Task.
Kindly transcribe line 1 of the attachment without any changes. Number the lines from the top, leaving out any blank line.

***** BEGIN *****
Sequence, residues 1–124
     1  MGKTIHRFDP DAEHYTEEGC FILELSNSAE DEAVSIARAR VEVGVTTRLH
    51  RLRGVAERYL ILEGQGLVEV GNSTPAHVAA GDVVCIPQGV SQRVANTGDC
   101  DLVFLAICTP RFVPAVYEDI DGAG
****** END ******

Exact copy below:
Sequence, residues 1–124